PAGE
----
Sunday, October 29, 2017

Cessna 210J Centurion, N3320S: Accident occurred January 14, 2015 near Dodge City Regional Airport (KDDC), Ford County, Kansas

The National Transportation Safety Board did not travel to the scene of this accident.

Additional Participating Entity:
Federal Aviation Administration / Flight Standards District Office; Wichita, Kansas

Aviation Accident Final Report - National Transportation Safety Board: https://app.ntsb.gov/pdf

Investigation Docket - National Transportation Safety Board: https://dms.ntsb.gov/pubdms

Aviation Accident Data Summary - National Transportation Safety Board: https://app.ntsb.gov/pdf

http://registry.faa.gov/N3320S



NTSB Identification: CEN15LA107
14 CFR Part 91: General Aviation
Accident occurred Wednesday, January 14, 2015 in Dodge City, KS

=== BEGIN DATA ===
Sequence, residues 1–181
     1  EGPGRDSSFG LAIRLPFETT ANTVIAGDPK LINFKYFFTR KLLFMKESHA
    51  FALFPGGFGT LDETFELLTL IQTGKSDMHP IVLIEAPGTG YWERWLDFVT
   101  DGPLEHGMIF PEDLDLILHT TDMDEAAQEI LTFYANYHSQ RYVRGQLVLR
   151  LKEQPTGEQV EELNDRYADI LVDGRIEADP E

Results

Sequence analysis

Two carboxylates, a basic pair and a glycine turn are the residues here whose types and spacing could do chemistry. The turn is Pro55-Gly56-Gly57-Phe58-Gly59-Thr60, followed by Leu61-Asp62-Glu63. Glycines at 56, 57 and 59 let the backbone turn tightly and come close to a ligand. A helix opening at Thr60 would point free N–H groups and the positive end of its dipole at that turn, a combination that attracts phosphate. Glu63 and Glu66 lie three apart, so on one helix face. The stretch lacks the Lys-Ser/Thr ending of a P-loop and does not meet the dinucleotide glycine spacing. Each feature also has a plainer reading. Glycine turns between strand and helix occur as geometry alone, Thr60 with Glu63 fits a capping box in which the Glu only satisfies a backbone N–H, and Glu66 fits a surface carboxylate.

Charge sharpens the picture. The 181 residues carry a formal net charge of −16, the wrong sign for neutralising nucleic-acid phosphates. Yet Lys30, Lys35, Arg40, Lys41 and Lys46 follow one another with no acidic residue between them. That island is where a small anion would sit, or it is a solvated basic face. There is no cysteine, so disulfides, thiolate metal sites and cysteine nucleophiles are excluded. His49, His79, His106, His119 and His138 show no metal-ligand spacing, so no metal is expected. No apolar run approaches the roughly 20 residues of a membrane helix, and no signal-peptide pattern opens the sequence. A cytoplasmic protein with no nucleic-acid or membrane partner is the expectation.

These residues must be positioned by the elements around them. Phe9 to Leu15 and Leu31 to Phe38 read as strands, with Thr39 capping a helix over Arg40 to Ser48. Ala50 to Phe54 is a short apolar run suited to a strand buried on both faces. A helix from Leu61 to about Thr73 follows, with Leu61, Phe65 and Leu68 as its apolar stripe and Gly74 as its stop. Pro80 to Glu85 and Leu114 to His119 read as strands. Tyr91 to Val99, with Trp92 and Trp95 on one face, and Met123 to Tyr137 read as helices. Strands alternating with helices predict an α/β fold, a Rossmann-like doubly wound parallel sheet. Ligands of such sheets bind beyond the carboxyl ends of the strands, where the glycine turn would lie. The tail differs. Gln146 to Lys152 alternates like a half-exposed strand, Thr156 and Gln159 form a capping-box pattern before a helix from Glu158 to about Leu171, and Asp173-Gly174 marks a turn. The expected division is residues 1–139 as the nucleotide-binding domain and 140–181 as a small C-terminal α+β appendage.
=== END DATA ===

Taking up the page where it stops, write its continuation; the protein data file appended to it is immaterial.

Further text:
Probable Cause Approval Date: 12/12/2016
Aircraft: CESSNA 210J, registration: N3320S
Injuries: 1 Serious, 2 Minor.

NTSB investigators may not have traveled in support of this investigation and used data provided by various sources to prepare this aircraft accident report.

The private pilot reported that he departed on a 1-hour cross-country flight with the fuel tank gauges showing about 1/4 tank each. The left fuel tank was selected at takeoff. After 20 minutes of flight, the pilot switched to the right fuel tank and noticed that the right fuel tank gauge dropped unusually fast to near empty. The pilot then selected the left fuel tank and entered a left downwind to his destination airport. Upon turning onto the base leg, the engine lost power. The pilot’s attempts to restart the engine were not successful. The pilot conducted a forced landing, and the airplane impacted the ground about 1 mile from the destination airport.